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Nov. 2 2009 - 12:43 am | 122 views | 1 recommendation | 13 comments

Meatless Monday: Thanksgiving-Worthy Lasagna

Cucurbita moschata 'Butternut'.

Image via Wikipedia

Today is 11/2.

That means Thanksgiving is 24 days away.

What’s on the menu? (Do you have a menu?)

As announced last week,  I’ll be serving up all kinds of tips and tricks to help you plan, prep and stay sane in anticipation of the biggest feast of the year.

This week’s meatless treat (and for the next three weeks) has a decidedly Thanksgiving-ish bent, and on other days leading up to the holiday, I’ll talk wine, dessert, kitchen tools, eating peacefully with the crazy relatives and anything else that’s keeping you up at night.

Now about today’s featured recipe: I suppose one could argue that lasagna and Thanksgiving shouldn’t be uttered in the same sentence, but this version, from vegetarian cooking doyenne Deborah Madison, is an autumnal shoo-in. Instead of the same-ole marinara-spinach-ricotta combo, this pretty little three-layered number celebrates the here and now, with in-season butternut squash, sage and walnuts.

Good-natured vegetarians will tell you not to fuss, that there are plenty of sides to keep them satisfied while everyone else is debating over white versus dark meat.  My advice? Make the lasagna. It’s good will, it’s good eats and it’s equal opportunity feasting.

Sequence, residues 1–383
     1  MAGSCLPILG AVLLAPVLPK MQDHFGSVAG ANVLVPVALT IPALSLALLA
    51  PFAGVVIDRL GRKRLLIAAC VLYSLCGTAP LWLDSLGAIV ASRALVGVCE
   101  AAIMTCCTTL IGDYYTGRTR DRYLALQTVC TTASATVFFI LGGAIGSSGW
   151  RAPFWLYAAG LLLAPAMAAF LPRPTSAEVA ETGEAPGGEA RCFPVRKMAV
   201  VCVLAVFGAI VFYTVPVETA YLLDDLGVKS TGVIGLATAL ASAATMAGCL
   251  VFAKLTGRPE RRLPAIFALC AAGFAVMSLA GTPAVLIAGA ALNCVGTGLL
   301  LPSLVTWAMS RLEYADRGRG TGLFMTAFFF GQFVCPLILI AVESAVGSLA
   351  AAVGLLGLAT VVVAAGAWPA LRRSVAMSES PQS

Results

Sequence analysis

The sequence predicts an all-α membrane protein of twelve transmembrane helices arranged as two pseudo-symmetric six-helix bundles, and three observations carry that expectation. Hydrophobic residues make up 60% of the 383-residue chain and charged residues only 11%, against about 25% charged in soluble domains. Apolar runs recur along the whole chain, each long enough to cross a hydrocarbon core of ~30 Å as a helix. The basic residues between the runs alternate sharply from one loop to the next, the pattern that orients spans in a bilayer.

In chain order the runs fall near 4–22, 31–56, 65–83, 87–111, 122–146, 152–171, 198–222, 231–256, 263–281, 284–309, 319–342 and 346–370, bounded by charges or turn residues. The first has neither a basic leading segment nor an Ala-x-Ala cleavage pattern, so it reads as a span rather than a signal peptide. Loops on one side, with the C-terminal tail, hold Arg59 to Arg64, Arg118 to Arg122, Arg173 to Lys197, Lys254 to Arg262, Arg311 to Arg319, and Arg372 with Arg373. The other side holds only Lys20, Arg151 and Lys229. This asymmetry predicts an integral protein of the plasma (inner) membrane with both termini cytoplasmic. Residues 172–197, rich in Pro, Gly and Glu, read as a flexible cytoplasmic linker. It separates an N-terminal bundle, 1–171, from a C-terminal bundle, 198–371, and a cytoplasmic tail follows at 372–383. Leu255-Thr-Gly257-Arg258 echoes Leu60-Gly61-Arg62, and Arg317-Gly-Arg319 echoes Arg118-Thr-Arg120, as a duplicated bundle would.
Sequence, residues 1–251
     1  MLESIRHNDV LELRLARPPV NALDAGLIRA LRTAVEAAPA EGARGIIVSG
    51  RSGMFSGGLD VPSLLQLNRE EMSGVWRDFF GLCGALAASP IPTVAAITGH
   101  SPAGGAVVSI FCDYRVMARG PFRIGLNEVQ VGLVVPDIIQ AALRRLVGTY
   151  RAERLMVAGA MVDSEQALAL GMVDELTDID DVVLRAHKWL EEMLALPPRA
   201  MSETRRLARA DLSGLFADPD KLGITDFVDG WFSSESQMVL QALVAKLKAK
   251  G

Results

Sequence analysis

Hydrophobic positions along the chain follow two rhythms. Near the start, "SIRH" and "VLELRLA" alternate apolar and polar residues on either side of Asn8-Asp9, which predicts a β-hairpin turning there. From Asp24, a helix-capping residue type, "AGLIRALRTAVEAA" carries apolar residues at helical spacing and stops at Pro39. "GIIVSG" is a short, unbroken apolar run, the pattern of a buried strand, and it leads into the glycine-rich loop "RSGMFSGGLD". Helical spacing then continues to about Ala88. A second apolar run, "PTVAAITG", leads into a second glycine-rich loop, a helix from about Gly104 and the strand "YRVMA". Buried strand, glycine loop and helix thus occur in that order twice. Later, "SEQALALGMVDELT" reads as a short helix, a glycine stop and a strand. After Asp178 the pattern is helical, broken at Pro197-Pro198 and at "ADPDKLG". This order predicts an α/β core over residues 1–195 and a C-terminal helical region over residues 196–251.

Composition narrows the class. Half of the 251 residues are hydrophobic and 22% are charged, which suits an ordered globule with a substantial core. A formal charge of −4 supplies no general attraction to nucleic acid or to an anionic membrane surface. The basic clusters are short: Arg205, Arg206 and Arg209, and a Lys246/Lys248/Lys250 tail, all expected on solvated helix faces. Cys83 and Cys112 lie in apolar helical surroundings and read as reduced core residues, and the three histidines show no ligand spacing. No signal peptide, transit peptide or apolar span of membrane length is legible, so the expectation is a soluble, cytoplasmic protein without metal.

Vegetarian Thanksgiving Lasagna
Adapted from “Vegetarian Suppers” by Deborah Madison

3 1/2 cups milk
Aromatics: 1 each: garlic clove, slice onion, bay leaf, parsley sprig
4 garlic cloves
Approximately 20 fresh sage leaves (or 1 1/2 tablespoons dried)
1/2 cup fresh parsley leaves
2 tablespoons olive oil
1 large butternut squash (approximately 3 pounds), peeled, seeded and diced
1 medium onion, diced
1 cup walnuts or hazelnuts, finely chopped
3 1/2 tablespoons unsalted butter
3 ½ tablespoons all-purpose flour
1/2 teaspoon salt
1/8 teaspoon grated nutmeg
1 8-ounce package no-boil lasagna noodles
1 cup grated Gruyere
1 cup grated Parmigiano-Reggiano

Grease a 9×13 baking dish.

In a small pot, gently heat milk with aromatics. When it’s nearly boiling, cover pot, turn off heat and let stand.

Chop the four garlic cloves along with the sage and parsley, and set aside.

Heat oil in a wide skillet. Add diced squash and onion and cook over high heat, stirring frequently, about 15 minutes. Reduce heat and continue cooking, until squash is fairly tender, about 10 minutes. Add garlic-herb mixture and nuts. Stir and cook for a few minutes more. Season with salt and pepper to taste and turn off heat.

Preheat oven to 375 degrees.

Make bechamel sauce: Melt butter in a medium saucepan and stir in flour. Roux will form quickly; cook for about 1 minute, constantly stirring. Pour milk over a strainer into roux, whisking. Lower heat and cook, stirring with a wooden spoon, until sauce thickens, about 15-20 minutes. Season with the ½ teaspoon salt and nutmeg. KOD note: If béchamel sauce is not your thing, season and heat 3 ½ cups tomato puree.

Assemble lasagna: Spread 1/2 cup of bechamel (or tomato puree) on the surface of the baking dish. Lay three or four noodles on top. Cover with half the squash mixture, 1 cup of the sauce, half the Gruyere, one third of the Parmigiano.

Repeat, beginning with noodles, finishing with a third layer of noodles. Spread remaining sauce on top, plus remaining Parmigiano.